The Future of Roe v. Wade: Do Abortion Rights End When a Human's Life Begins?
Steven Andrew Jacobs, The Future of Roe v. Wade: Do Abortion Rights End When a Human’s Life Begins?, 87 Tenn. L. Rev. 769 (2020).
99 Pages Posted: 1 Apr 2020 Last revised: 19 May 2021
Date Written: March 7, 2020
While legal scholars and Supreme Court Justices on both sides of the national abortion controversy argue that Roe v. Wade was incorrectly decided, this Article accepts the Court’s decision as a provisional holding that was based on the relevant societal, scientific, and legal records available to the Court in 1973. However, the stare decisis analysis outlined by the Court in Planned Parenthood v. Casey dictates that precedent can be overturned when a change in relevant facts robs a ruling of its original justification. If the Court agrees to hear a challenge to Roe, it will likely assess whether the relevant factual records relied upon by the Court in Roe are still responsive to present realities.
In 1973, the Court in Roe held that a state’s interest in protecting life becomes compelling at fetal viability and fetuses do not have constitutional rights. The Court made these determinations because it could not find a consensus view on when life begins and it found that states were reluctant to recognize fetuses as legal persons outside of the abortion context. Today, the Court can take notice of recent scientific and legal developments: (1) an academic study found a consensus of biologists around the world (96%) agree with the biological fact that a human’s life begins at fertilization and (2) there are now eight legal contexts in which fetuses are protected as human persons under the law; today, 38 states have fetal homicide laws that recognize non-abortive killings of fetuses as homicides or murders of human persons.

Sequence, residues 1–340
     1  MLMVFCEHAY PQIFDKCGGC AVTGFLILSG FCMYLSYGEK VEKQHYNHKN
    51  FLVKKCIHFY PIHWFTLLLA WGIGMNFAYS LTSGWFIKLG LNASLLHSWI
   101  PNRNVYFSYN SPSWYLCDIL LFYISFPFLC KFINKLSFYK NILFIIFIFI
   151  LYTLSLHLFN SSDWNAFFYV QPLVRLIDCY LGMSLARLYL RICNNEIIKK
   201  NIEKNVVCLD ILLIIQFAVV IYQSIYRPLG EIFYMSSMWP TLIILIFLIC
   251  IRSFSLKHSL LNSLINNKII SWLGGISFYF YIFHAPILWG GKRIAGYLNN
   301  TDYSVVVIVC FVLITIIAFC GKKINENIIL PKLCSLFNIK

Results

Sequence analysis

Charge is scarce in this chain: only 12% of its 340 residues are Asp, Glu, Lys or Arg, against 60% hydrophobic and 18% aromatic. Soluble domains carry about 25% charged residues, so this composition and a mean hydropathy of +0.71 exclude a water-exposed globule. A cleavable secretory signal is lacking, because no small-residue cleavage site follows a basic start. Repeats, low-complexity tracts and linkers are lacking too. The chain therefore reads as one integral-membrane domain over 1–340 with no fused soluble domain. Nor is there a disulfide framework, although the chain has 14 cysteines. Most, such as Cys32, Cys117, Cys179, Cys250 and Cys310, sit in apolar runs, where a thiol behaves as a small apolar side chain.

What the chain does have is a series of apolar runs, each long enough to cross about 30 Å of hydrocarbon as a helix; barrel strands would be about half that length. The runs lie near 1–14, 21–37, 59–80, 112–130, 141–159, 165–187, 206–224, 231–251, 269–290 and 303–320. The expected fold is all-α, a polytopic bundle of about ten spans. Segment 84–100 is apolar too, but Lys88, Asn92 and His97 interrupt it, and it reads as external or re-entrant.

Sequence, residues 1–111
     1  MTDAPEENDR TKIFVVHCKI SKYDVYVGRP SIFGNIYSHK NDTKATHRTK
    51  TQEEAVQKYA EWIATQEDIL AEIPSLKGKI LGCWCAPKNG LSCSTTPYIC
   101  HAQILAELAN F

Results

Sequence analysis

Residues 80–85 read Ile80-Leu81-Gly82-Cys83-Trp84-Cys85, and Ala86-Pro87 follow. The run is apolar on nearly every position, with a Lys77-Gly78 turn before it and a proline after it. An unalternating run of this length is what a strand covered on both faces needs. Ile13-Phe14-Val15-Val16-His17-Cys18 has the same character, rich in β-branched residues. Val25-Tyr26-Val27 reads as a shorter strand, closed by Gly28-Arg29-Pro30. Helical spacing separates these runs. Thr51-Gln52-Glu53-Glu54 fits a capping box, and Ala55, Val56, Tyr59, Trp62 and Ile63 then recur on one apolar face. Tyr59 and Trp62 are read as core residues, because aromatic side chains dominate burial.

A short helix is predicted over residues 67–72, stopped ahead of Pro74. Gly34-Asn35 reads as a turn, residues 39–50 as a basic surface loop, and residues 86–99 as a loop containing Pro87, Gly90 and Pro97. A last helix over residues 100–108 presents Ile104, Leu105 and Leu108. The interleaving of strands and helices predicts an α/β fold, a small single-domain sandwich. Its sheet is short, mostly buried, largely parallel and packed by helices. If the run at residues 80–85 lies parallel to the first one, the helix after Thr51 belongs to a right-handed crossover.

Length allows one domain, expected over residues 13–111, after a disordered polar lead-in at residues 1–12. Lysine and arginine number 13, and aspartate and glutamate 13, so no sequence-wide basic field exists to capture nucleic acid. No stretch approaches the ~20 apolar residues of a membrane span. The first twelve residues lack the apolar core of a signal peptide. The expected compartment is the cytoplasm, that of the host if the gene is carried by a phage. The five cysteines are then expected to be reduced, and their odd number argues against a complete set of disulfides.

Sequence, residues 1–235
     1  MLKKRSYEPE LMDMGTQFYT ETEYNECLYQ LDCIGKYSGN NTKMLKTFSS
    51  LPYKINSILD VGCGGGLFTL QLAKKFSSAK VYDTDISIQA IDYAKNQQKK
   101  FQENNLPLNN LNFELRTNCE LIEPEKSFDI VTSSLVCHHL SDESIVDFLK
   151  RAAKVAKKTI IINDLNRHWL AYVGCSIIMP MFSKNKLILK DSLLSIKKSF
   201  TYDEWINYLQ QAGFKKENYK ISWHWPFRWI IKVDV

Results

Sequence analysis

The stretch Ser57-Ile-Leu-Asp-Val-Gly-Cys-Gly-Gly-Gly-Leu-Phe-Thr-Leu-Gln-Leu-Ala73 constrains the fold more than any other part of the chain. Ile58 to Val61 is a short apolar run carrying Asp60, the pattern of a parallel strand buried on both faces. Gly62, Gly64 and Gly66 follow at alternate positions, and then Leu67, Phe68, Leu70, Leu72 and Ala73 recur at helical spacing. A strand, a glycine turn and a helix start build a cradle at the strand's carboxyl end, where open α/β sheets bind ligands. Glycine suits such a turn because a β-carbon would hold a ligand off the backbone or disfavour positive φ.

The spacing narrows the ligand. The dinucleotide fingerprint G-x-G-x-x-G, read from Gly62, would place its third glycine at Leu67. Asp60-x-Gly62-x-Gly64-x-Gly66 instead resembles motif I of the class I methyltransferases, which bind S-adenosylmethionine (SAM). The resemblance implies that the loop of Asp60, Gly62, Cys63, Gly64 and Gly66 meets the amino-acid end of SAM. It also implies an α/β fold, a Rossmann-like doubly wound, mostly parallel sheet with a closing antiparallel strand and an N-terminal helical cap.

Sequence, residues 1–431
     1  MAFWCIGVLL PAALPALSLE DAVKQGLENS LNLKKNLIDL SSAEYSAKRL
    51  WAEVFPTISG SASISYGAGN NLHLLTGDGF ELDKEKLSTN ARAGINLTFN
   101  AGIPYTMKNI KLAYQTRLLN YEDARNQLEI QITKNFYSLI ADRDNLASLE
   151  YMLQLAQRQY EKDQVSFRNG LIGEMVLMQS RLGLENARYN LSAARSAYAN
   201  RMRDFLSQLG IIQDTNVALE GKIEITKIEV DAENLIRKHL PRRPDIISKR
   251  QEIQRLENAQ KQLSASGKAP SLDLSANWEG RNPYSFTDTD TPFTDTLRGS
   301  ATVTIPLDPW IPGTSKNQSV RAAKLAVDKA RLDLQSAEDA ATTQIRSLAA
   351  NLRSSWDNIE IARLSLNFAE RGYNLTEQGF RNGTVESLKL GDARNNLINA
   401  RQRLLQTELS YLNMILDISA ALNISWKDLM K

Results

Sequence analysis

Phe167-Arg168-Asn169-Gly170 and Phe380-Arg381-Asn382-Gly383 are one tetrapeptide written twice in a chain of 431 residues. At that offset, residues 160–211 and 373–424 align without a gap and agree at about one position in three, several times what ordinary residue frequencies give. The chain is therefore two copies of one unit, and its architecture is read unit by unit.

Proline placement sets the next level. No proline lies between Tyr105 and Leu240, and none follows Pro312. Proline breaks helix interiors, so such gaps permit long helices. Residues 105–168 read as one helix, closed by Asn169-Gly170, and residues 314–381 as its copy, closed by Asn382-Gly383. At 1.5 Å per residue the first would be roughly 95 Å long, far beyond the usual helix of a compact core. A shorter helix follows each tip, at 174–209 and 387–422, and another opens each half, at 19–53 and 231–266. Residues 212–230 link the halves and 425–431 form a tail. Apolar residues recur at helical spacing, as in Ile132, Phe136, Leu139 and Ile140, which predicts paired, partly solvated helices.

If the Court considers these developments, which establish fetuses as humans in fact and persons under the law, then it would likely hold that Casey’s stare decisis standard for reexamining precedent has been satisfied and Roe’s viability standard has been robbed of its original justification. Since U.S. Senators and Supreme Court Justices have held that all humans are persons within the meaning of the Fourteenth Amendment to the Constitution, these developments could also lead the Court to recognize that all humans have the constitutional right to equal protection under the law throughout their lives, from fertilization until death. Whether the Court overturns Roe and returns the abortion issue to the states, recognizes fetal rights, or uses a new justification to retain or expand abortion rights, this Article argues that the Court cannot allow our Nation to be governed by abortion jurisprudence which rests on outdated and incorrect factual records of the science of fetal development and the legal status of preborn humans.
Keywords: fetal rights, abortion, abortion rights, roe v. wade, pro-choice, pro-life, when life begins
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